“Quack” is a word that sounds well only in the mouth of a duck; and upon our honor we feel a scruple in using it: nevertheless the truth should be told; and the simple fact is, that the author of the “Sacred Mountains” is the Autocrat of all the Quacks. In saying this, we beg not to be misunderstood. We mean no disparagement to Mr. Headley. We admire that gentleman as [column 2:] much as any individual ever did except that gentleman himself. He looks remarkably well at all points — although perhaps best, EXAS — at a distance — as the lying Pindar says he saw Archilochus, who died ages before the vagabond was born: — the reader will excuse the digression; but talking of one great man is very apt to put us in mind of another. We were saying — were we not? — that Mr. Headley is by no means to be sneered at as a quack. This might be justifiable, indeed, were he only a quack in a small way — a quack doing business by retail. But the wholesale dealer is entitled to respect. Besides, the Reverend author of “Napoleon and his Marshals” was a quack to some purpose. He knows what he is about. We like perfection wherever we see it. We readily forgive a man for being a fool if he only be a perfect fool — and this is a particular in which we cannot put our hands upon our hearts and say that Mr. Headley is deficient. He acts upon the principle that if a thing is worth doing at all it is worth doing well: — and the thing that he “does” especially well is the public.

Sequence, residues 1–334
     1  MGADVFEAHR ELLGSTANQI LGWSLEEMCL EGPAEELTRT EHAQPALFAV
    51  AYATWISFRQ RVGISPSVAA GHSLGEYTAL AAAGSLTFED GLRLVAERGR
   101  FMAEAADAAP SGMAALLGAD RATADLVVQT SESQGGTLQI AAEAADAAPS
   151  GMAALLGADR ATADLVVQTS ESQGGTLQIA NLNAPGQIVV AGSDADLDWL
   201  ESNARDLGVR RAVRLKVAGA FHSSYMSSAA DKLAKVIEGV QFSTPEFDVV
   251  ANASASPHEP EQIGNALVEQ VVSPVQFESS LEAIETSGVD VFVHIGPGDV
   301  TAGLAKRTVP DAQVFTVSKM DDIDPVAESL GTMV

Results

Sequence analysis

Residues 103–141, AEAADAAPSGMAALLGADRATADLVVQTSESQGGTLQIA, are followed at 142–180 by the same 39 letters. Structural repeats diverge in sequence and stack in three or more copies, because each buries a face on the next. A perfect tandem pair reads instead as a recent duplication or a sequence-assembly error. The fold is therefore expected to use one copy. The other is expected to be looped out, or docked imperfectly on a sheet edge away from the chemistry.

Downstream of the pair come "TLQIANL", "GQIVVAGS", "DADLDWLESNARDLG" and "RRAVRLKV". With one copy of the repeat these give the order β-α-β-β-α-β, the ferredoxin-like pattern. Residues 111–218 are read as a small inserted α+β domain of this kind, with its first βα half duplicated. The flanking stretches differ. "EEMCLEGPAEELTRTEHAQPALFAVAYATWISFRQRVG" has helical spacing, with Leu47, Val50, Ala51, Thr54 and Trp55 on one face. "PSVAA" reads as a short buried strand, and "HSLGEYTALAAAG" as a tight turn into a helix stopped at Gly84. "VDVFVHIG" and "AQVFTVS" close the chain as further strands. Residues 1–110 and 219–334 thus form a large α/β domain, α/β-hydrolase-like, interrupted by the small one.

In speaking of Mr. WILLIAM ELLERY CHANNING, who has just published a very neat little volume of poems, we feel the necessity of employing the indefinite rather than the definite article. He is a, and by no means the, William Ellery Channing. He is only the son of the great essayist deceased. He is just such a person, in despite of his clarum et venerabile nomen, as Pindar would have designated by the significant term;gt;gi. It may be said in his favor that nobody ever heard of him. Like an honest woman, he has always succeeded in keeping himself from being made the subject of gossip. His book contains about sixty-three things, which he calls poems, and which he no doubt seriously supposes so to be. They are full of all kinds of mistakes, of which the most important is that of their having been printed at all. They are not precisely English — nor will we insult a great nation by calling them Kickapoo; perhaps they are Channingese. We may convey some general idea of them by two foreign terms not in common use — the Italian pavoneggiarsi, “to strut like a peacock,” and the German word for “sky-rocketing,” schwarmerei. They are more preposterous, in a word, than any poems except those of the author of “Sam Patch;” for we presume we are right (are we not?) in taking it for granted that the author of “Sam Patch” is the very worst of all the wretched poets that ever existed upon earth.